Due to Hurricane Sandy's violent winds and deluge of water last night, much of the Northeast United States has been submerged in water, shutting down public transport, city hospitals and schools.
As of Monday night, seven New York City subway tunnels under the East River were flooded the Metro-North Railroad, which covers New York City, upstate New York and Connecticut, lost power on much of its train line and the Long Island Rail Road evacuated its West Side Yards and suffered flooding in one East River tunnel.
New York was among the hardest hit with 18 pronounced dead. The storm caused the worst damage in the 108-year history of the city's subway system.
"This was a devastating storm, maybe the worst that we have ever experienced," New York City Mayor Michael Bloomberg said.
Bloomberg and the power company said it could be the weekend before the lights come on and full public transportation is restored for the 8 million people who live in the city that never sleeps.
The city being the financial capital of the U.S., many
wondered how long until employees could return to Wall Street. After being
closed for two days, the New York Stock Exchange will be back in business
tomorrow at 9:30 a.m.
The death toll from Sandy in the U.S. is set at 39 as of Tuesday. Sandy also killed 69 people in the Caribbean before making its way up the Eastern Seaboard.
President Obama has now issued emergency declarations for Connecticut, Delaware, the District of Columbia, Maryland, Massachusetts, New Jersey, New York, Pennsylvania and Rhode Island. The President's action authorizes FEMA to coordinate all disaster relief efforts to provide assistance for required emergency measures to save lives and to protect property and public health and safety.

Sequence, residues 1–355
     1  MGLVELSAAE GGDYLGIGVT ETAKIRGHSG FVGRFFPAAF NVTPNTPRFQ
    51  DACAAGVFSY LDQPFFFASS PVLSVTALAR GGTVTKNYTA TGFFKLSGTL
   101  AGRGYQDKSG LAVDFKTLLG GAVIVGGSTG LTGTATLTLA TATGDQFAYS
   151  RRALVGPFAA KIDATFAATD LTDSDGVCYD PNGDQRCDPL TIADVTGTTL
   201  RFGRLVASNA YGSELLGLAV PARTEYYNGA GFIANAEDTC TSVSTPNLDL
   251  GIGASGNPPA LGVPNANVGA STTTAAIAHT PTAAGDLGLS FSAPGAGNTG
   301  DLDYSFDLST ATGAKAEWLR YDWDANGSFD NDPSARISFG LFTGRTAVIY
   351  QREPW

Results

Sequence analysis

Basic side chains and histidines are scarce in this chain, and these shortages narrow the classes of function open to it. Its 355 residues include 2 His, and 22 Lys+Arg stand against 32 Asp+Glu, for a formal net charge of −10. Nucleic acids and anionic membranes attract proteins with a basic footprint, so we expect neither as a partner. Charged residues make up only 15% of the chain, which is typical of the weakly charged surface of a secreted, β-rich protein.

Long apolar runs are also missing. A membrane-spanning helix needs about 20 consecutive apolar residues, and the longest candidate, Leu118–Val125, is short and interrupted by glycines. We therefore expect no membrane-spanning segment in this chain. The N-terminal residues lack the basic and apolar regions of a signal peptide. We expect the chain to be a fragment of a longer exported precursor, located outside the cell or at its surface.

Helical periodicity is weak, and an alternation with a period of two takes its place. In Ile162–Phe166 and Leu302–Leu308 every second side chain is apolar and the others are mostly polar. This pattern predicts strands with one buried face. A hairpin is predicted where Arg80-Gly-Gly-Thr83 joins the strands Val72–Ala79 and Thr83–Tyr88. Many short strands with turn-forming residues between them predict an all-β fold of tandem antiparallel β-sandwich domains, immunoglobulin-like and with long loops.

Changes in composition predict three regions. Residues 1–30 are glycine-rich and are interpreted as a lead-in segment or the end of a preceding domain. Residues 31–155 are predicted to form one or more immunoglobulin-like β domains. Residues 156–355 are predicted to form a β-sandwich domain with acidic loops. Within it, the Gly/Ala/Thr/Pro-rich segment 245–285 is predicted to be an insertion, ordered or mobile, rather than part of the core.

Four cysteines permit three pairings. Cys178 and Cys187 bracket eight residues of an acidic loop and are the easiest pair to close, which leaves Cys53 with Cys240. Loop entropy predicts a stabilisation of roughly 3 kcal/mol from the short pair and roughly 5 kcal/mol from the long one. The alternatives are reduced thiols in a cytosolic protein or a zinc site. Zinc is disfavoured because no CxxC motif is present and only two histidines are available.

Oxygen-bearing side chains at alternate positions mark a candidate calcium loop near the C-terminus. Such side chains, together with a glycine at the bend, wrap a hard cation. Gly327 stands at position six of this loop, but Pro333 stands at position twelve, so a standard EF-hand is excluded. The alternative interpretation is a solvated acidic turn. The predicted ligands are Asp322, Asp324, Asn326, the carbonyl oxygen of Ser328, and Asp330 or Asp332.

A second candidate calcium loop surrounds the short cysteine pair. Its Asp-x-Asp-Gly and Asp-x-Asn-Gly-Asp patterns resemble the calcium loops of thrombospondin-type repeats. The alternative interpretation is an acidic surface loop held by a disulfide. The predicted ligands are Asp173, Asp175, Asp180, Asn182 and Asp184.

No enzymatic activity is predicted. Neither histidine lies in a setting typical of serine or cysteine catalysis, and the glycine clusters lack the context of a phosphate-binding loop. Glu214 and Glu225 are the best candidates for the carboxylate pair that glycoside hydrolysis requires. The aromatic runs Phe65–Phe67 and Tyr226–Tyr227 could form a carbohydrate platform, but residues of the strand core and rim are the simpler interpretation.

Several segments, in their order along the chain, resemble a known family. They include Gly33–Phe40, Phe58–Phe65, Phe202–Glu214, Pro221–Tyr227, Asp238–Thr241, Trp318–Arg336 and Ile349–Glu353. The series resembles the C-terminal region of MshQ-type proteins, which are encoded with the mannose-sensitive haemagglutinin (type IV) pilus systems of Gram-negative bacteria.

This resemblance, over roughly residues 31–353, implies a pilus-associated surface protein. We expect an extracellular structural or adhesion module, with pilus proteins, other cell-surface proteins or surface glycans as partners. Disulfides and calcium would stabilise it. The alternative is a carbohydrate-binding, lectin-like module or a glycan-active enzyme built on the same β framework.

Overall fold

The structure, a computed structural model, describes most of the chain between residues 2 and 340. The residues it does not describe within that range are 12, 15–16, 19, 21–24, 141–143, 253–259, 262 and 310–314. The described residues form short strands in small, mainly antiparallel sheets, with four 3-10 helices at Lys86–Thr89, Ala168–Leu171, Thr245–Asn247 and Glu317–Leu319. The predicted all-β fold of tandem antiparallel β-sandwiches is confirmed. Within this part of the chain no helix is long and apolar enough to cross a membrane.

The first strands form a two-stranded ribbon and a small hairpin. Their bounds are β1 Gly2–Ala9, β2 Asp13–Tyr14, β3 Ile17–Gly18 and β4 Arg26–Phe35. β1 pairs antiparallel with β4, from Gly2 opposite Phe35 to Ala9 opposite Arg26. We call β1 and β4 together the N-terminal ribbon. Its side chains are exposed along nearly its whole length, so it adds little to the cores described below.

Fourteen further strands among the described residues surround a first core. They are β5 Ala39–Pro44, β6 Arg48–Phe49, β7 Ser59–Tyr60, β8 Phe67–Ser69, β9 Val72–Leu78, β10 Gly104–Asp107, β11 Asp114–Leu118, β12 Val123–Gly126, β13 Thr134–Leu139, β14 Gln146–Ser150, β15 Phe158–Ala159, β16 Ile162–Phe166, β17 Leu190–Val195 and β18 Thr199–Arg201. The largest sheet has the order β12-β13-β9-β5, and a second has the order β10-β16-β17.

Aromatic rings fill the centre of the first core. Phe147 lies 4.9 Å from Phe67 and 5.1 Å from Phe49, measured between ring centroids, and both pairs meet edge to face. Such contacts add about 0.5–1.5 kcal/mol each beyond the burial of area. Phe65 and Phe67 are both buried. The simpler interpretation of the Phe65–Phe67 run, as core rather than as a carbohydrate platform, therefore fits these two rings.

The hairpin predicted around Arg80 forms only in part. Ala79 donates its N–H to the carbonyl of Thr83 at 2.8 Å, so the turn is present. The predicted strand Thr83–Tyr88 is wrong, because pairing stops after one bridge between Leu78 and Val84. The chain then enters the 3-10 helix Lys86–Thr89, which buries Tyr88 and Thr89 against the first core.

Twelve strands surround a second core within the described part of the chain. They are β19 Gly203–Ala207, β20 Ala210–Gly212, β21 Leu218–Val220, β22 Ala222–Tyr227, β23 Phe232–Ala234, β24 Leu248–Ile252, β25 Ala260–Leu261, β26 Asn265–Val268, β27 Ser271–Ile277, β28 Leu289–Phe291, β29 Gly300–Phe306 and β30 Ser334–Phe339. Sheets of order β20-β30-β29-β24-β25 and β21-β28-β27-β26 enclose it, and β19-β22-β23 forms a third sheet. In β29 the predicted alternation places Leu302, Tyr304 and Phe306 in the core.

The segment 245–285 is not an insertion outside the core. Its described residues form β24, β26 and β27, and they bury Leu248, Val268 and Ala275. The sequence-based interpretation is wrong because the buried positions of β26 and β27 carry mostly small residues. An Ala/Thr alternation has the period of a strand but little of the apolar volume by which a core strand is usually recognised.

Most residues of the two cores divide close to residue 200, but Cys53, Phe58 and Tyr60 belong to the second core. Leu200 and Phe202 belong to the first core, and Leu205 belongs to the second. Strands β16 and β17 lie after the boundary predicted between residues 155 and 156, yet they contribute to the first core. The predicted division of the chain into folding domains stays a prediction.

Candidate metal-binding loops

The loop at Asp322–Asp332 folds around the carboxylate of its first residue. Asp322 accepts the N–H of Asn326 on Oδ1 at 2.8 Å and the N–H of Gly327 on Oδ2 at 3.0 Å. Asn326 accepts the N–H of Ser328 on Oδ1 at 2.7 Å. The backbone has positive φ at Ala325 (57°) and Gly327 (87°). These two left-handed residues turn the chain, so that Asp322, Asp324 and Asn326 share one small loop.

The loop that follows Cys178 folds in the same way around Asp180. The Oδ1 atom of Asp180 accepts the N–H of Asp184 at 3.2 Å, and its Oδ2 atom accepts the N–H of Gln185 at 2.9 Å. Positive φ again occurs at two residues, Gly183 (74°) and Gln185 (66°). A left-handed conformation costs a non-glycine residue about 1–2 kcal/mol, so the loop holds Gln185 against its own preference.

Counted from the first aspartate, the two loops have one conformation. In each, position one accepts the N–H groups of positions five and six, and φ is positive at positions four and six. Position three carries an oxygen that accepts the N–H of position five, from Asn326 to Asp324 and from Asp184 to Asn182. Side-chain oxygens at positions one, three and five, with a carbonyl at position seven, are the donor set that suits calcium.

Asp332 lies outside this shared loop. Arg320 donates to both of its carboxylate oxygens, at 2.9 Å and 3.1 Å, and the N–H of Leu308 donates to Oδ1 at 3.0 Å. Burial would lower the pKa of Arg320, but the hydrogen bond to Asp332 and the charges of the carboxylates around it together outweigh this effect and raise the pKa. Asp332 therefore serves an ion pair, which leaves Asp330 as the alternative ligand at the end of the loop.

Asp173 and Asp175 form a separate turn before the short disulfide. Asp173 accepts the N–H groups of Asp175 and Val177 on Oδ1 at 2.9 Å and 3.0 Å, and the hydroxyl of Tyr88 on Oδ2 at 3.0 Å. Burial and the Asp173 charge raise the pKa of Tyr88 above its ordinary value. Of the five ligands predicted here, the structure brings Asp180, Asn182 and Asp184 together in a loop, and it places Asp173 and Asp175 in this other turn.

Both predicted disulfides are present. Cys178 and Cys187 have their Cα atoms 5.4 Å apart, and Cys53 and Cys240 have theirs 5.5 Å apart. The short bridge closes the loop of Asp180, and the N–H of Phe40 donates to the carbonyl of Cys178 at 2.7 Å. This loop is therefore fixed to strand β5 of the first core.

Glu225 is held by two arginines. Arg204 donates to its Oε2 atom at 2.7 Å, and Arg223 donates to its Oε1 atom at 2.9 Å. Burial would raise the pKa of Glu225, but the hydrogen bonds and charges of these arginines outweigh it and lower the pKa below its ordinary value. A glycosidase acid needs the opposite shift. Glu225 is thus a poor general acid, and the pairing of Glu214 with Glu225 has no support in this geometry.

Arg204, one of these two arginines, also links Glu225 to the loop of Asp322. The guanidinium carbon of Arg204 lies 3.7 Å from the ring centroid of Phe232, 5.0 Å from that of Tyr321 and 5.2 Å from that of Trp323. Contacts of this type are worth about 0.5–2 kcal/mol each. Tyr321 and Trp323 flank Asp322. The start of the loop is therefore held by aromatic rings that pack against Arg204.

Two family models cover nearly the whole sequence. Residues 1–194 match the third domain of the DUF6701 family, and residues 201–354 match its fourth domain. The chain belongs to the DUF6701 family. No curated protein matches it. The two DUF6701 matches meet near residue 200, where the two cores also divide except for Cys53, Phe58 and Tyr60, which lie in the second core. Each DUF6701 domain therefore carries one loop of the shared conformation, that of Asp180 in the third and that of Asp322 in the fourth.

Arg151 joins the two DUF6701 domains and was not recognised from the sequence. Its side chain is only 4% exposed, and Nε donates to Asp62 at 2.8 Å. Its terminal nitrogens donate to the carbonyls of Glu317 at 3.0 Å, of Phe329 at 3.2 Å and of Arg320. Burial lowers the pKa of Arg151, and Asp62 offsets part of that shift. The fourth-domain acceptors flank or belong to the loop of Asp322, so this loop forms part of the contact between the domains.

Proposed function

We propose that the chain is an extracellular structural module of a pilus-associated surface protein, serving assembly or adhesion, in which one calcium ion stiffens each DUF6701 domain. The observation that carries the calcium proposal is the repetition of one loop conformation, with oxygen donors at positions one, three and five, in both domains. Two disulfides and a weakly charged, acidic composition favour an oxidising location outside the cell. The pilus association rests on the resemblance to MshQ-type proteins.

Currently, more than 1,500 FEMA personnel are positioned along the East
Coast working to support disaster preparedness and response operations,
including search and rescue, situational awareness, communications and
FEMA distribution centers have an overall inventory of more than 5 million liters of water, 3 million meals, 900,000 blankets and 100,000 cots available for emergencies like this one.
Ironically, this federal agency has been a point of contention for Obama who proposed cutting funds to FEMA by 3 percent next year and presidential candidate Mitt Romney, who proposed to cut its funding by 40 percent.
Stephanie (whose last name was not provided) of Brooklyn, New York told NEWD Magazine that she and her family were painting their apartment at 4:30 a.m. on Tuesday morning when a tree burst into her room.
"It pushed my air conditioning about 6 feet into my room," she said. "It was like, "Wow, there's a branch full of leaves in my home."
Stephanie is documenting the damage, which consists of an uprooted tree atop her home's steel gate and vehicle including branches that broke through the windows of her several-story building, to apply for assistance with FEMA.
Under President Obama's major disaster declaration issued for New York, people affected by the hurricane can apply for things like payment for removing debris, rent for temporary housing, grants for home repairs and personal property, grants for health assistance and funeral arrangements, unemployment payments up to 26 weeks for workers who temporarily lost jobs because of the disaster and low-interest loans to cover residential and business losses not fully compensated by insurance.
Those in the county designated for assistance to affected residents and
business owners can begin the disaster application process by registering
online at www.DisasterAssistance.gov, by web enabled mobile device at
m.fema.gov or by calling 1-800-621-FEMA (3362).
Until further notice, the following institutions remain closed in New York for Wednesday, October 31:
- New York City parks
- New York City beaches
- New York City subway
- New York City's three major airports
- District public schools in Norwalk, Trumbull, and Stratford, Baltimore City, Newark, Philadelphia, and New York City
- New York City colleges and universities
- NYC Broadway theaters